Biotech giant CSL has narrowed its guidance on net profit and expects growth of three to eight per cent.
Chief executive Paul Perreault on Wednesday told the annual general meeting the previous low end of the range of zero per cent had been revised to three per cent. This would give net profit after tax of $2.170 billion to $2.265 billion this financial year.
There was no change to expected revenue growth of six to 10 per cent.
Mr Perreault and his peers said little about efforts to develop a COVID-19 vaccines and treatment.
Research and development efforts for the virus would increase costs, according to Mr Perreault, but these would fall within plans.
The federal government has signed supply deals for a vaccine from CSL if the latter’s efforts with Astra Zeneca and the University of Queensland are successful.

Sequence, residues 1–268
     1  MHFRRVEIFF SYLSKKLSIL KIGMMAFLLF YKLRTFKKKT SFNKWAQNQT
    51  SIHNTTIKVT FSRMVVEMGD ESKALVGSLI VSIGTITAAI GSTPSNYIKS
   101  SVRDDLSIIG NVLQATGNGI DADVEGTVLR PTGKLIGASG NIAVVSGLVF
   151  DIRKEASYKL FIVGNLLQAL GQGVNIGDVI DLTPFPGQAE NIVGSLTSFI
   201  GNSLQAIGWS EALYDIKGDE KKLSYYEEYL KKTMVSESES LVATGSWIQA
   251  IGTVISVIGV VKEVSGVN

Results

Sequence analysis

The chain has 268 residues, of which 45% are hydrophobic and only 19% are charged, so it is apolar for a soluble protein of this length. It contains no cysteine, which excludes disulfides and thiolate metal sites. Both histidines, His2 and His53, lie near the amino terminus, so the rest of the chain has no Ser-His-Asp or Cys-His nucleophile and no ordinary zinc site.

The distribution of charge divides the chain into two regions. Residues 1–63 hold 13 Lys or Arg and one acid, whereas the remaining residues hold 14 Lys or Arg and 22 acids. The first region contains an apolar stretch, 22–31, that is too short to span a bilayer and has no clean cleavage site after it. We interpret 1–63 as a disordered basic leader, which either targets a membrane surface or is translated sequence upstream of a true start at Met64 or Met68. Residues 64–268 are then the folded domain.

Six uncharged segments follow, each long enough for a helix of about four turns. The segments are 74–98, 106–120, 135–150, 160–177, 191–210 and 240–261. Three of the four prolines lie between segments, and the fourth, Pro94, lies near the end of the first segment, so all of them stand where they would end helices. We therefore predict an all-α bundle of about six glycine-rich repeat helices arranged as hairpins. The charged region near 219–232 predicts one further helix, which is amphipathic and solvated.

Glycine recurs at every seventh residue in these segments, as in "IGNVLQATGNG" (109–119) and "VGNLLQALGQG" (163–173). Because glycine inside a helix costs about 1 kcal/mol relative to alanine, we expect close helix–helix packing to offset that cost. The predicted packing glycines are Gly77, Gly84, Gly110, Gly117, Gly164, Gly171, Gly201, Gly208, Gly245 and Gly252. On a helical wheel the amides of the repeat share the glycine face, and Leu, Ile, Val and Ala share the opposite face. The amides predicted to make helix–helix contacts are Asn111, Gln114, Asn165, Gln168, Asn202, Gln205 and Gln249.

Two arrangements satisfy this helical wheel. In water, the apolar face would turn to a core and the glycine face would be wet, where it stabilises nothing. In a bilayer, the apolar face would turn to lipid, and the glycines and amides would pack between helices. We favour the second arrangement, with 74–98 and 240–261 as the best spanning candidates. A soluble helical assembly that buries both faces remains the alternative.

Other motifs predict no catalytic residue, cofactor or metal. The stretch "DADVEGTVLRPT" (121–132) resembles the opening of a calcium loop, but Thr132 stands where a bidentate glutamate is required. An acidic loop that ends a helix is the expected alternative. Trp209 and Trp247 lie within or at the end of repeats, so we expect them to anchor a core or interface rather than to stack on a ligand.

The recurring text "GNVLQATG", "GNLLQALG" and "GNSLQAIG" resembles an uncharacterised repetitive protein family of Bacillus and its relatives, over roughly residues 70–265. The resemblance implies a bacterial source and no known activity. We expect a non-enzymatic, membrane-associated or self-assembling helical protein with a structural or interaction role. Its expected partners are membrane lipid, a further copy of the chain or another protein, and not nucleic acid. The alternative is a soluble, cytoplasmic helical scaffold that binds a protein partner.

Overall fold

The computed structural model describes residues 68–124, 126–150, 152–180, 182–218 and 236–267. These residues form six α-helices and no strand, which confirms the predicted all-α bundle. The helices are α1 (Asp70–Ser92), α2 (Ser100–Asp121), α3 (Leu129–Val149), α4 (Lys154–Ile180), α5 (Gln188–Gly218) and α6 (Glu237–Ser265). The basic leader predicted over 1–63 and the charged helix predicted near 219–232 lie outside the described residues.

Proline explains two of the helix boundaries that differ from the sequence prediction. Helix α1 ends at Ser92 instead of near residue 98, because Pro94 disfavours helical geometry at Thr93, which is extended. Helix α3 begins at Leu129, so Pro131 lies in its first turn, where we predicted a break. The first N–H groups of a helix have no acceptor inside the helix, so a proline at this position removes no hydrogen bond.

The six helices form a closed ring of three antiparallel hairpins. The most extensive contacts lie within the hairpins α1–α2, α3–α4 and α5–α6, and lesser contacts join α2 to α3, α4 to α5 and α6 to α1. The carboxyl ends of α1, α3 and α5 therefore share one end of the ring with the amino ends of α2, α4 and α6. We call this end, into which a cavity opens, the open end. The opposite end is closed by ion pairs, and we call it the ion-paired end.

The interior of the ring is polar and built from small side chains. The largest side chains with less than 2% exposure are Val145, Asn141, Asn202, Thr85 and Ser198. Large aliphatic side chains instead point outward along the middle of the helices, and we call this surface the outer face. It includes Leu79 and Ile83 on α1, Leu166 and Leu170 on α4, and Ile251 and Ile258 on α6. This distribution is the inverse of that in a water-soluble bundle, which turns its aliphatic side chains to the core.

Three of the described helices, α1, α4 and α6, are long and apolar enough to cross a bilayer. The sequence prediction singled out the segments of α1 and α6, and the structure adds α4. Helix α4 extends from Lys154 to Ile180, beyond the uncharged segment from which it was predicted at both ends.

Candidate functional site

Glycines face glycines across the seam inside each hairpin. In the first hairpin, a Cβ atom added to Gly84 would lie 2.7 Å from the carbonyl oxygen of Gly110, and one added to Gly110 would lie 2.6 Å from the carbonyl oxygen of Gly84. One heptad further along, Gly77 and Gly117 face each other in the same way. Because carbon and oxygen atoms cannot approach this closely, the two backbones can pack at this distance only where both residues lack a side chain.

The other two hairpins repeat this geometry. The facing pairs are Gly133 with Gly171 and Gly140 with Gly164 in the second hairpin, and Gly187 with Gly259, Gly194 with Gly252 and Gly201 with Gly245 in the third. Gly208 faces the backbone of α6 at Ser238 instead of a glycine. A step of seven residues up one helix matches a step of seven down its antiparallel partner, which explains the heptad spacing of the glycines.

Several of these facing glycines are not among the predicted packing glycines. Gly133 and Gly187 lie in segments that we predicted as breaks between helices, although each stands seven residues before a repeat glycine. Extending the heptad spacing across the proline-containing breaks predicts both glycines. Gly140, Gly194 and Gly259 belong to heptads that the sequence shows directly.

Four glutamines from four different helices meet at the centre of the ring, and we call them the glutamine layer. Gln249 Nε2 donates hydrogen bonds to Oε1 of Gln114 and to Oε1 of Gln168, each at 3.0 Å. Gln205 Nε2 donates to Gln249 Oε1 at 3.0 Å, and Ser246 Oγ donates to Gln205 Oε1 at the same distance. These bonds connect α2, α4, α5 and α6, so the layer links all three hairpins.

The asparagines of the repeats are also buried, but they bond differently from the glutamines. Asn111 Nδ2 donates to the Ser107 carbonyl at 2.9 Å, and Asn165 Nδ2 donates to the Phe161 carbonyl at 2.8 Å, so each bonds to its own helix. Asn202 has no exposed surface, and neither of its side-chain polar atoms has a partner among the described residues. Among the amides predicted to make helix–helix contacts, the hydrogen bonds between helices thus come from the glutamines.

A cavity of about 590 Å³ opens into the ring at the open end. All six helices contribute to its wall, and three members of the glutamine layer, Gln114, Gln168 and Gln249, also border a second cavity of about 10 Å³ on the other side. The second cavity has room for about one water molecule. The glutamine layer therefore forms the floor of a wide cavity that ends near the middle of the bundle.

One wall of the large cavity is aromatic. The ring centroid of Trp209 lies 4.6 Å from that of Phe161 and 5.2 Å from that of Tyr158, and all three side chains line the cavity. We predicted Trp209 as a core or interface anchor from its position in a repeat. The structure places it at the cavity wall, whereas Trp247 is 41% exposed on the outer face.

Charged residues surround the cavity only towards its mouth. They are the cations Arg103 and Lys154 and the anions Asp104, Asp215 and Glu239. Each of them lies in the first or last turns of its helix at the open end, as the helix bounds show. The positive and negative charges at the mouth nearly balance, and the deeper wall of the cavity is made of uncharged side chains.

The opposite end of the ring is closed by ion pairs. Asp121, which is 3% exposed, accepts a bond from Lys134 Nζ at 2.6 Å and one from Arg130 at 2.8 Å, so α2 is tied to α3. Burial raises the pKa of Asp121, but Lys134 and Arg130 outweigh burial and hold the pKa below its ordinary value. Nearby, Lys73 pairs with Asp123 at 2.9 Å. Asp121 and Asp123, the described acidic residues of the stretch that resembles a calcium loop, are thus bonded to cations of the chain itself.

Mr Perreault said the company was working closely, and at pace, with these groups.
Looking ahead, he said the company would benefit from governments wanting to protect people from the virus and influenza.
Subsidiary Seqirus, which specialises in flu vaccines, has gained contracts in Europe and Canada recently due to this demand.
He also expected continued demand for plasma, which the company collects and is used for medicines.
Virus restrictions have hampered collection and made it more costly.
CSL reported a 9.6 per rise in full-year net profit after tax to $US2.1 billion ($A2.9 billion). Final dividend was $A1.46 per share, higher than the $1.45 final payout the year prior.
Shares were higher by 2.08 per cent to $304.44 at 1459 AEDT.